Explaining GitHub Part 2

April, 2011

If you just tuned in, I’m attempting to explain Git and GitHub to the layman. The previous post was all about Git. This one focuses on what GitHub actually does.

Part 2: GitHub

Okay, now we can move on to GitHub. Unlike writing a paper, software developers rarely write code all by themselves in a closet. Well, some do… but most of us collaborate on our software projects. GitHub provides a meeting place for software developers to collaborate around code and the different versions of that code. It stretches the analogy, but imagine that your paper with all the different snapshots you took along the way was available for other people not just to read, but to derive new papers from. You would always be credited as the original author, but everyone can create derivative works and if someone added a really nice abstract you could pull just that change back into your version of the paper. GitHub acts like a digital room where everyone hangs out to share their projects, ideas, and most importantly their code. The same way that Facebook provides a medium for people to hang out digitally and share status, photos, notes, etc –GitHub provides a medium for programmers to share code.

Code is a very abstract notion to people who don’t program for a living, and this is where I think the idea of writing a paper as an analogy for writing code is very helpful. Just as you could have written your paper in Spanish or French or English, code can be written in any number of languages. The primary purpose of code is to communicate something to a computer. You can think of it like writing an instruction manual. In 3rd grade, I remember, we did an activity where we had to explicitly write out the instructions for making a peanut butter and jelly sandwich. The teacher then took our written instructions and followed them to a tee. If you wrote “Take two pieces of bread”, she would literally tear off two very small pieces of bread to start making the sandwich. If you didn’t explain how to open the jelly jar, there would be no jelly on your sandwich. If you didn’t explicitly say that the jelly and peanut butter sides of the bread should be touching in the middle, you would get a sandwich with jelly and peanut butter on the outside. This is what it is like when you have to communicate with a computer. At the lowest level, computers are really dumb; they can only do what they are told, so your instructions (code) must tell the machine exactly what you want it to do.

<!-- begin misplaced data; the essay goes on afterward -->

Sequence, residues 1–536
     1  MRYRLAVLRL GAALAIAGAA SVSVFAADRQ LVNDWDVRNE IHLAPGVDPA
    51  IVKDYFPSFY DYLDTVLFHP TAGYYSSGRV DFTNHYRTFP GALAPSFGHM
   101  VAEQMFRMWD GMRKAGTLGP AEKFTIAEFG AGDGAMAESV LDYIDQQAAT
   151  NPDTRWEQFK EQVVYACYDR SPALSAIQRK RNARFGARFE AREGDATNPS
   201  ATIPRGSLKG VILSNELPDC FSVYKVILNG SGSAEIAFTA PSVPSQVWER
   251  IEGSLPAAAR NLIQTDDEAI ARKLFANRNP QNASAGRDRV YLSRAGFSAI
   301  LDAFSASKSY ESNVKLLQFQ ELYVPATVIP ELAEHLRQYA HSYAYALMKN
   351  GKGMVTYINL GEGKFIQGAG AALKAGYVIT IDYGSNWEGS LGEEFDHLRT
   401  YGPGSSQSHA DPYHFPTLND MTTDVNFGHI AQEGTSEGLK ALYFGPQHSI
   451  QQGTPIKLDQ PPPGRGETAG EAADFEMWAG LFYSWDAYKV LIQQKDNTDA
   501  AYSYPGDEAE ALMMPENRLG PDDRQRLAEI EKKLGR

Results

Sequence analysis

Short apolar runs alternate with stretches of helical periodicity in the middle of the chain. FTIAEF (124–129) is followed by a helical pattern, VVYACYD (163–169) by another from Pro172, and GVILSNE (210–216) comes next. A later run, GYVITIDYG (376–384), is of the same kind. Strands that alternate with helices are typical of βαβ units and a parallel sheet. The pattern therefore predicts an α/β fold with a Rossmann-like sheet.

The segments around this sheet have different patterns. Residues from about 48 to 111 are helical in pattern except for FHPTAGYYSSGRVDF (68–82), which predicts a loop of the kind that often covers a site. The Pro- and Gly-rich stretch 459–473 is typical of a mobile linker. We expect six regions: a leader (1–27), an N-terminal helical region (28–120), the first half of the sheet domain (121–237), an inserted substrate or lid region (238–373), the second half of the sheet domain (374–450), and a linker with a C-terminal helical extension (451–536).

As you can probably imagine, writing all this code can get very unwieldy. Not only because of the sheer amount of code that it takes to develop a complex system like the Android operating system, but because that code is written by a large number of programmers (think lots of people editing the same paper all at once). This is where GitHub really shines. GitHub provides the ability for developers to publish and share code, solicit collaboration from other programmers, gain reputation in the community and discover/contribute to other code projects of interest. In many ways it is a realization of the original intent of the internet. To throw out yet another metaphor, GitHub creates a framework for the evolutionary improvement of software in real time. Like the evolution of species, software is allowed to mutate and change over time creating new variants, symbiotic relationships (sometimes even parasitic ones!), and a dazzling array of constructs and programs. GitHub is like primordial soup in which all these software projects are interacting, growing and changing. And instead of eons, this all happens at the speed of the interwebs.

If you want to learn more about GitHub, you know where to go.

If things are still fuzzy, then all you need to know is that we run a web site…. And we sell these cute little creatures that are a cross between a cat and an octopus…

Tim's Avatar Hi, I'm Tim Clem. I'm an engineer at GitHub in San Francisco, currently focused on applied programming language theory.